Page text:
Andrew Dys

On street named for murdered officer, York County honors those killed in line of duty

From the church where the cops cried and the families cried Wednesday, the new sign could be seen. The sign says ‘Deputy Brent McCants Memorial Boulevard.’

It went up a month ago.

About 150 yards away, McCants of the York County Sheriff’s office, was shot and killed 25 years ago -- murdered during a traffic stop.

That’s why cops gather at First Baptist Church every year in the middle of May. Hundreds of cops come to sit with each other, look in the eyes of each other and say without words what Winthrop Police Department Assistant Chief Ken Scoggins whispered, a phrase every officer believes: “I got your back.”

Other families of officers who died in the 1970s and 1960s, Steve Jordan and Bill Singleton, were there. The family of S.C. Highway patrol trooper Kevin Cusack, who died on duty in a 2010 traffic wreck was there. The top officers from all York County departments gave the families flowers, and hugged them, and thanked them all.

“My son,” cried Myra McCants, mother of Brent McCants.

“My father,” said Barbara Johns, daughter of Rock Hill officer Bill Singleton.

No police officer wants to go to any event about cops getting killed, but these hundreds would not miss it. It is somber and terrible and beautiful and necessary all at the same time.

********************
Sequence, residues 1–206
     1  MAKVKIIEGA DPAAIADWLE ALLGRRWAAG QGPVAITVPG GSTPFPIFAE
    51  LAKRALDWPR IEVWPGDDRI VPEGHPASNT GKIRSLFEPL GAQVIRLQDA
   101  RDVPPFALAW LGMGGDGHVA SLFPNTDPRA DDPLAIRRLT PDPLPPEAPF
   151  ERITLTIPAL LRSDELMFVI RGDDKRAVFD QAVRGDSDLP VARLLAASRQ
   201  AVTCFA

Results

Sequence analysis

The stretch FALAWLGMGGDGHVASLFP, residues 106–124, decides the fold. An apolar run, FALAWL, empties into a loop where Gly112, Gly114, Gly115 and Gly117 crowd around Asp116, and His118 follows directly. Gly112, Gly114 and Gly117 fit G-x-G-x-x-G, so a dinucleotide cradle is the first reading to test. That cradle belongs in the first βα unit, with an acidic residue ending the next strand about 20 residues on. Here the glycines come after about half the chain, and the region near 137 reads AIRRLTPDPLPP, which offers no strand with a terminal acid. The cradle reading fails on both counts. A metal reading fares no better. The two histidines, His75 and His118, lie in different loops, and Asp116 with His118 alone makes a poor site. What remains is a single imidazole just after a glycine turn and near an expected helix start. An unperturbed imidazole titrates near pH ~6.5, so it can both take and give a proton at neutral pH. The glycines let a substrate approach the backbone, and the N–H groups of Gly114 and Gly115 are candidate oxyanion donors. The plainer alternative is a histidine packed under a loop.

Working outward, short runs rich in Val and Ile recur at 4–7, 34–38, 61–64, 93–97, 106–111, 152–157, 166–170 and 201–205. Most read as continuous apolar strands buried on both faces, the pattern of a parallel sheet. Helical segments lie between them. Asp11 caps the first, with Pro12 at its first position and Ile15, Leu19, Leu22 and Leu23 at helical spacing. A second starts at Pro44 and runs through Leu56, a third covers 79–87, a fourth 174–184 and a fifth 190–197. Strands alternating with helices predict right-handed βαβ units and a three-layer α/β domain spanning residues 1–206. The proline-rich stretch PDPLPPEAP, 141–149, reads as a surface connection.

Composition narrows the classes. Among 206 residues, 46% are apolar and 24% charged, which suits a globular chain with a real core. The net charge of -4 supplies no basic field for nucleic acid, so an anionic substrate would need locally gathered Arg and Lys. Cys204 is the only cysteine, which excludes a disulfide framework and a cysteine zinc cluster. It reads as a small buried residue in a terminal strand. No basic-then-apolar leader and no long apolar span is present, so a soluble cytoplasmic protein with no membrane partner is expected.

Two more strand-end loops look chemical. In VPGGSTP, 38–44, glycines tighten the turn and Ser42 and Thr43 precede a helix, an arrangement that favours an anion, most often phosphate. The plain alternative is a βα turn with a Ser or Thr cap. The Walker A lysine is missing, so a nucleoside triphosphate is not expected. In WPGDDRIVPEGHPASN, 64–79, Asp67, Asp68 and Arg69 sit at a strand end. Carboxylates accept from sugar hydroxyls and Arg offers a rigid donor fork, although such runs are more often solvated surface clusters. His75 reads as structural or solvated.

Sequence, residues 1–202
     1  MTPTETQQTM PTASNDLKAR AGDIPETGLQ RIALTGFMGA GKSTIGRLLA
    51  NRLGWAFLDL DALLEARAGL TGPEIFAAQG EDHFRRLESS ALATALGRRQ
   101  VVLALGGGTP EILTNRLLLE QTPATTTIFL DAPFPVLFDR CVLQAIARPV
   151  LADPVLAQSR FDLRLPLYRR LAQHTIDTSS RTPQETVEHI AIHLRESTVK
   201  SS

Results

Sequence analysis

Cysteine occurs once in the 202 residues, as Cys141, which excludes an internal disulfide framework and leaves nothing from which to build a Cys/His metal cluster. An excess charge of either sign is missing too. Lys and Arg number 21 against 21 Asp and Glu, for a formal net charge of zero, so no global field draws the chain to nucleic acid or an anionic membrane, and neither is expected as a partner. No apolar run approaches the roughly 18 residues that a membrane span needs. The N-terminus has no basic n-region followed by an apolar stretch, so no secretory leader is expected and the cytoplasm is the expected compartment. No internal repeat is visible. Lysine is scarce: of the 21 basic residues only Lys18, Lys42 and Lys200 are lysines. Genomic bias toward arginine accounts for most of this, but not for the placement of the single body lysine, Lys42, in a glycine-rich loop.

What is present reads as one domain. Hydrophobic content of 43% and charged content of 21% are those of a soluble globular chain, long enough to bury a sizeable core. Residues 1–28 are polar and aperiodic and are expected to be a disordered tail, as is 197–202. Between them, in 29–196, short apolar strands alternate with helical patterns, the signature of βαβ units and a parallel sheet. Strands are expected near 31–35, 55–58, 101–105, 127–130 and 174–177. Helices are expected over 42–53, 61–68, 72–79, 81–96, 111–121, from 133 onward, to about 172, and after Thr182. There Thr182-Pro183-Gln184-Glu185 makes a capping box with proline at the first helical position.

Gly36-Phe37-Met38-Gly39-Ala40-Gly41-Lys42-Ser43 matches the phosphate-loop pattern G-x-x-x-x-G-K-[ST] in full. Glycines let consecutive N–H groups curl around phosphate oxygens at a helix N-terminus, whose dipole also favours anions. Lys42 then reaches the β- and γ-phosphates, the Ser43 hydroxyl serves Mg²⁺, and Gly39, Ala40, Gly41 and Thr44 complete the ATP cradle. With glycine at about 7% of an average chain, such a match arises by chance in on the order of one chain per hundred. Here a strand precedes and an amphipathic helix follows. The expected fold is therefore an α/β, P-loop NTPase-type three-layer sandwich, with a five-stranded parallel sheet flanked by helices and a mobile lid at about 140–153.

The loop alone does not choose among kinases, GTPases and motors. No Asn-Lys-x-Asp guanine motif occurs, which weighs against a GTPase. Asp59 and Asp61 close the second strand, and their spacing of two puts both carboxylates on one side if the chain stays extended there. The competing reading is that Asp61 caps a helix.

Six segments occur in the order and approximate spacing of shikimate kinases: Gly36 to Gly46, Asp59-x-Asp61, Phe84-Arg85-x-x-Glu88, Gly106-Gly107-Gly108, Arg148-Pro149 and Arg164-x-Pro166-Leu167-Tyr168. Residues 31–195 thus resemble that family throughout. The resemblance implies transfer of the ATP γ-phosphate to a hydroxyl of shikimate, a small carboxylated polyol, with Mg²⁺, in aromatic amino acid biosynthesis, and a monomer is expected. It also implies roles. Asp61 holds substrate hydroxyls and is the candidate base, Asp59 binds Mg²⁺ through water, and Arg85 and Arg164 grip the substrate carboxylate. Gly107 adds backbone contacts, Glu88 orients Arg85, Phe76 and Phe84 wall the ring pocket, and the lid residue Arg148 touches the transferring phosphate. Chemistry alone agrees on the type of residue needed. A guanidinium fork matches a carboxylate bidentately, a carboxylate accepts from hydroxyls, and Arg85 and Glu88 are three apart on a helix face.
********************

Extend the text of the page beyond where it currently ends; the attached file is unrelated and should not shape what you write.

The S.C. Highway Patrol rifle team fired a salute outside the church. The shots caused every person in the building to wince.

In the audience, there were cops with scars from getting shot. Will Reap from Fort Mill Police Department is one example. His scar is from a bullet wound to his arm. Officers with knees ruined from chases and fights sat silently and still they do not quit.

The room was filled with road patrol officers and detectives who handle property crimes and fornesic technicians and dispatchers and other jobs that get almost no public recognition. They never appear in a newspaper or on television unless a complaint is filed.

A Tega Cay officer named Sgt. Robert Burns spoke at the end. He urged every officer to not be vengeful or bitter. He told them to do what they do - serve everybody the same.

“Go in peace,” he urged them all.

And they did.

Remembering York County’s fallen officers

• Kevin Cusack, S.C. Highway Patrol, March 27, 2010

James Brent McCants, York County Sheriff’s Office, Sept. 25, 1992

Steven Wayne Jordan, Rock Hill Police Department, Dec. 31, 1975

William Singleton, Rock Hill Police Department, Nov. 9, 1968

Garnett E. “Dick” Dabney, S.C. Alcohol Beverage Control, March 31, 1968

Robert M. McFadden, Rock Hill Police Department, Nov. 3, 1933

Elliott P. Harris, York County Police Department, July 17, 1932

R.G. Johnston, Rock Hill Police Department, Jan. 18, 1906

W.G. Durant, Fort Mill Police Department, Jan. 28, 1884